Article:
Effort only fully releases its reward after a person refuses to quit. (Napoleon Hill)..We must commend Mrs. Altheha Drepaul for her strong will on not giving up, not only did she do it for herself but she also did it for her family. She is a great inspiration and gives true meaning of words hope, fast and pray. She took a negative outcome and made it into a positive one Mrs. Drepaul you certainly have inspired me and others..Thank you for being you.

October 04 2011 at 10:45 PM Report abuse rate up rate down Reply

It's such programs that President Obama cites as an important component in helping putting Americans back to work.

OK did I miss the part in the article that says she is an American......... no mention made of her becoming a citizen

October 04 2011 at 11:21 AM Report abuse rate up rate down Reply

Too many working as home health aides lack sensitivity and the desire to truly assist patients. Such people should work at manufacturing jobs, etc., but most remain as aides because they can avoid actually working. This applies primarily to Africans who purposely take advantage of the agencies who hire them and are equally as insensitive to the needs of the patients they are contracted to give care. This shameful practice will only be exposed when someone deemed worthy is neglected and death is the result.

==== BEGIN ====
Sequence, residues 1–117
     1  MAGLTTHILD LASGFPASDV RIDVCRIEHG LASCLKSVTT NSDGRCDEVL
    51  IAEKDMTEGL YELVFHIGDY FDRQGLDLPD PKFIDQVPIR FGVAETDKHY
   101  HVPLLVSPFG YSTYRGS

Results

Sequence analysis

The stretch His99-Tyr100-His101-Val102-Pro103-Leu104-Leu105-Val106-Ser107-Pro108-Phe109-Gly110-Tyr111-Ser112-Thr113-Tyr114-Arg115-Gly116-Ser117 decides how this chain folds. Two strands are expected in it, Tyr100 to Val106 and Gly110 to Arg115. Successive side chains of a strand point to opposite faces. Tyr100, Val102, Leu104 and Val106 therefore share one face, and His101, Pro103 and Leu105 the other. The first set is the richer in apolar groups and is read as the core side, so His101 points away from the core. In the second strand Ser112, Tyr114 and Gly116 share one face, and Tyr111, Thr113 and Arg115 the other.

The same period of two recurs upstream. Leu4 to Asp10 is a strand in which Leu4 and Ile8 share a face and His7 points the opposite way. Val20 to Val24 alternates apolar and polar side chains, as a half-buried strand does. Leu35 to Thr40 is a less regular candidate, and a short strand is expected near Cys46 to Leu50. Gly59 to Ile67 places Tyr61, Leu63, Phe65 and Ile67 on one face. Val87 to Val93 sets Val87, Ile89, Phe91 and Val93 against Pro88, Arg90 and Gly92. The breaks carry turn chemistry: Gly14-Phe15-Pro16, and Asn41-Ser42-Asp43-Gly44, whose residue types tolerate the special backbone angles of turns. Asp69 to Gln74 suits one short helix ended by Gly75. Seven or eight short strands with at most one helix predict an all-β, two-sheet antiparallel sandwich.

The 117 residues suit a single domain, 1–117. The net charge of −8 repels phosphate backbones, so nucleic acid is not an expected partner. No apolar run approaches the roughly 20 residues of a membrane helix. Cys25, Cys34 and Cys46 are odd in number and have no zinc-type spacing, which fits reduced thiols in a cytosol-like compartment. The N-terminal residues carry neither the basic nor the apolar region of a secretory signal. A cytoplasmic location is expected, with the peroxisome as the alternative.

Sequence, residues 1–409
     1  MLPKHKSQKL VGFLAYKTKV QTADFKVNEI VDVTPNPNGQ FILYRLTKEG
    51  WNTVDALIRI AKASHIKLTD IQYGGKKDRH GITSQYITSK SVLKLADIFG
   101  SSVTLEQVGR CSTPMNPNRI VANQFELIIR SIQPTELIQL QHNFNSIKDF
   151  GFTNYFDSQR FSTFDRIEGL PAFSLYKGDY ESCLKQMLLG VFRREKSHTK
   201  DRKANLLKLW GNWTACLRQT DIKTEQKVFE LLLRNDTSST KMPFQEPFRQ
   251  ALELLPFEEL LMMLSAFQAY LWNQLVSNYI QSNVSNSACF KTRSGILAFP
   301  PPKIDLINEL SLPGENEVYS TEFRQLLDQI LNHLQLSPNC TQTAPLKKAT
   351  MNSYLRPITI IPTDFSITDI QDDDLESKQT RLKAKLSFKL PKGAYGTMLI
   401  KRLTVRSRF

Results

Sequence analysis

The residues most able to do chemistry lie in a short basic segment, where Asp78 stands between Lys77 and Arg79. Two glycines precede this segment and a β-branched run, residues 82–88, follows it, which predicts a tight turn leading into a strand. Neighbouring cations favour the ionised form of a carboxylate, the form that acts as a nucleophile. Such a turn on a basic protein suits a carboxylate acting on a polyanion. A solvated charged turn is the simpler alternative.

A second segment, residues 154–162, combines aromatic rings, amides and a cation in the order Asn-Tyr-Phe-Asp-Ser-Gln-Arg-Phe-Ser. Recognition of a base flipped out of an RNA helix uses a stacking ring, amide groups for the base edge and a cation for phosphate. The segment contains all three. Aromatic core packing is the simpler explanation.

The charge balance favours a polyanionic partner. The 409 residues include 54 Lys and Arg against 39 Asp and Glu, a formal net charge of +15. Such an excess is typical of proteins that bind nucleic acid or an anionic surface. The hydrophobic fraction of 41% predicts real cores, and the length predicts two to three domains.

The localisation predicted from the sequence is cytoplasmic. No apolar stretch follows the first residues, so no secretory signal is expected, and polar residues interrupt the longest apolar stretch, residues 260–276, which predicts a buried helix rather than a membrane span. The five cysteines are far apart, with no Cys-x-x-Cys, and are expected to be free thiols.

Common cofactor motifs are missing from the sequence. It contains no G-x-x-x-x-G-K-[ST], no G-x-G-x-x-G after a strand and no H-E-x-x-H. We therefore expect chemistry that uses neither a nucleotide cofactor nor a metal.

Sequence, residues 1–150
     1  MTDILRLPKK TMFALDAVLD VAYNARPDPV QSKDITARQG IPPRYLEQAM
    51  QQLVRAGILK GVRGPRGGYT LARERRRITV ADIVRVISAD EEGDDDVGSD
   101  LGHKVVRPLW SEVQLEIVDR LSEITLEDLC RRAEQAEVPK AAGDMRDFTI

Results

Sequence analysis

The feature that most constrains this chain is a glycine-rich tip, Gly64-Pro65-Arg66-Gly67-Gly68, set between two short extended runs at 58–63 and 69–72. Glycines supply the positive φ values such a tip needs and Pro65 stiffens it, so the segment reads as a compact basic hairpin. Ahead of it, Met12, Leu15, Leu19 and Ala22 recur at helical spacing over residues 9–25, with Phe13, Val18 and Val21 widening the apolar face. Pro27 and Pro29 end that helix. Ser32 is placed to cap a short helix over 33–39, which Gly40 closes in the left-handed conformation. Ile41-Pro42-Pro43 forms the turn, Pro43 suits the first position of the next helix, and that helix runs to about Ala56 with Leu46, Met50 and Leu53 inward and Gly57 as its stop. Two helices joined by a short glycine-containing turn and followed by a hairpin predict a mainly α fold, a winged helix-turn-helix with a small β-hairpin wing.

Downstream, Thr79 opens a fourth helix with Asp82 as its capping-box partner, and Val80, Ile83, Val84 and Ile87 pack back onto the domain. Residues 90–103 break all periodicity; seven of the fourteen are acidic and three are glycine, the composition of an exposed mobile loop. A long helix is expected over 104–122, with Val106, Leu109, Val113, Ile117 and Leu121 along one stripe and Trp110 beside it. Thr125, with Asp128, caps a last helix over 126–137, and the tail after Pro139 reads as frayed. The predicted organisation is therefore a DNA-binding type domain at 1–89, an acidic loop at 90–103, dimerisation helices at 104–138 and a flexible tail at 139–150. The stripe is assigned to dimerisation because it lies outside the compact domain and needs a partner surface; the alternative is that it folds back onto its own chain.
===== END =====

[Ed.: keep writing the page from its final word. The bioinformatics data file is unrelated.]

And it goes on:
October 04 2011 at 10:05 AM Report abuse rate up rate down Reply
2 replies to flowerdrum12's comment

Why is working in manufacturing a "better" future? It depends on the person. Maybe it's a better future for her but everyone is different. Some home health aides go into nursing or other medical fields. Some home health aides just want part-time work.

October 04 2011 at 10:46 AM Report abuse rate up rate down Reply

Not everyone is cut out for the job of home health aide. Some people like working with machines while others like working with people. Although being a home health aide can be difficult and unpleasant (as well as low pay), there are rewards for effectively caring for others. Why is it that our society looks down on those who care for others?

It is a good job for nursing students or those interested in pursuing a nursing and/or medical career. But nursing students are often not interested in doing this job. Why is it that mostly immigrants are funneled into this job?

October 04 2011 at 10:56 AM Report abuse rate up rate down Reply

When will people understand that the shared info among the foreign home health aides is that it is an easy job. You go to work, sit down and watch tv, and pick up a check. My sister has been severely victimized by several agencies whose main concern is making money. Some of the aides speak so little english, that there is no means of communication between themselves and the patients, others dictate what they will not do to assist the patient. Many of them steal personal belongings and supplies from the patient while the patient is sleeping, even more, they become angry if asked to wash their hands, or assist the patient in any way . Nanny cams are a must for protection.

October 04 2011 at 9:50 AM Report abuse rate up rate down Reply